Construction

Acceptance

Maintenance Cycle

Operation

Design

Evaluation

Initiation

Analysis

benefits of sdlc 1 some advantages
Benefits of SDLC (1)Some Advantages
  • traditional SDLC has brought a much-needed discipline to systems development
  • much better to use SDLC than not to use any approach!
  • can be used to create successful systems
benefits of sdlc 2
Benefits of SDLC (2)
  • fits in with structured techniques
    • structured programming: use of restricted control structures: sequence, selection, repetition
    • structured design: cohesion- one & only one function- and coupling- minimal dependency of modules
    • structured analysis: Yourdon and DeMarco, Gane and Sarson- data flow (which is actually process oriented view
problems with sdlc document driven development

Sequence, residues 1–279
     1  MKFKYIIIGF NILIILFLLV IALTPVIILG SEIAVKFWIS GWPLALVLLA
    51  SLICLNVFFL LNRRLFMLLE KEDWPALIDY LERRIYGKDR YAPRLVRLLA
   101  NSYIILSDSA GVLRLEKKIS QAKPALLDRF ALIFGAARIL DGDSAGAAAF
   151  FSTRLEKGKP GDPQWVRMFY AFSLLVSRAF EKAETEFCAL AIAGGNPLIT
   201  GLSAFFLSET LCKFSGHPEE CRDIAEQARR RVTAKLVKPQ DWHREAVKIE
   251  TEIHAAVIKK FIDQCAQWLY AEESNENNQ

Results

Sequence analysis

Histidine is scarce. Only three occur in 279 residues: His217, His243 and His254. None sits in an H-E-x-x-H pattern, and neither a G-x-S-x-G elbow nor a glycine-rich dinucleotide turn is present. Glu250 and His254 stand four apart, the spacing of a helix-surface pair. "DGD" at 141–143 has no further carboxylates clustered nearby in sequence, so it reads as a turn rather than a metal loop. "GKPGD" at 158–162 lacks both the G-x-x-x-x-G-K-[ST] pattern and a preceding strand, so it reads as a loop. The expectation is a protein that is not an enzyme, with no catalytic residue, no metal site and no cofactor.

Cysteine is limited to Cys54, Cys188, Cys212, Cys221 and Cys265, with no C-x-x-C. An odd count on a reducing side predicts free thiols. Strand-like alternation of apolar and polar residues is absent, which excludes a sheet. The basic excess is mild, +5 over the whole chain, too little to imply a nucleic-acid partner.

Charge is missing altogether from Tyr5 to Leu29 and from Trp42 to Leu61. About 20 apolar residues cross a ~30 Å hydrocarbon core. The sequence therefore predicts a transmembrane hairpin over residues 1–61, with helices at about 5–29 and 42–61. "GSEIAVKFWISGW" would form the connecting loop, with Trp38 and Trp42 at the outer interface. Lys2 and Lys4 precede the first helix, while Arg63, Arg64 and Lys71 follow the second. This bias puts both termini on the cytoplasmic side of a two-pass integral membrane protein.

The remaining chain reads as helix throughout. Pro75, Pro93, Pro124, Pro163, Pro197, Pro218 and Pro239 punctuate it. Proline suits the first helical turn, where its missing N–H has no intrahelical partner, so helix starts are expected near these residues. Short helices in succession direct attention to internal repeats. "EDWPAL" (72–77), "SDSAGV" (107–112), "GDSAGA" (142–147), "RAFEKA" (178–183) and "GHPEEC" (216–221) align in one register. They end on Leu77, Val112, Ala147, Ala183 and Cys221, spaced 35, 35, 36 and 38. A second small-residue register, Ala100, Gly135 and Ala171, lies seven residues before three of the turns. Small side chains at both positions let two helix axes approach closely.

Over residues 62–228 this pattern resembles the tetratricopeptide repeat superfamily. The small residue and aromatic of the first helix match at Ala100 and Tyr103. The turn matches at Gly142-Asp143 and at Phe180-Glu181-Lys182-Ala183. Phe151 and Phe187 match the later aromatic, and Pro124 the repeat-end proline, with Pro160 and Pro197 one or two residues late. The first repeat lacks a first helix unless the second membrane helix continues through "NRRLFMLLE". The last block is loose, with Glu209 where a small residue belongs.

Problems with SDLCDocument Driven Development
  • SDLC is document driven
  • each stage usually has a specific deliverable (often a document) used at a subsequent stage
  • reflected in the Computer Aided Software Engineering tools (CASE) used to support SDLC
problems with sdlc some flaws
Problems with SDLCSome Flaws...
  • implementation begins after requirments and design documents have been completed
  • if the system specification is complete and the design is of high quality, implementation will probably be straight forward
problems with sdlc some flaws1
Problems with SDLC...Some Flaws
  • however, system design is often flawed
  • important design decisions must be made during implementation
  • specification and design errors not identified during implementation are built into the system
problems with sdlc users
Problems with SDLCUsers
  • pre-specifying user requirements prior to development of IS is difficult
  • traditional deliverables are poor communication tools
  • users often do not know what they want until they can see a working model
problems with sdlc users1
Problems with SDLCUsers
  • user involvement in the requirements definition and reviews of overall system design do not guarantee user satisfaction
  • users are often disappointed with the completed system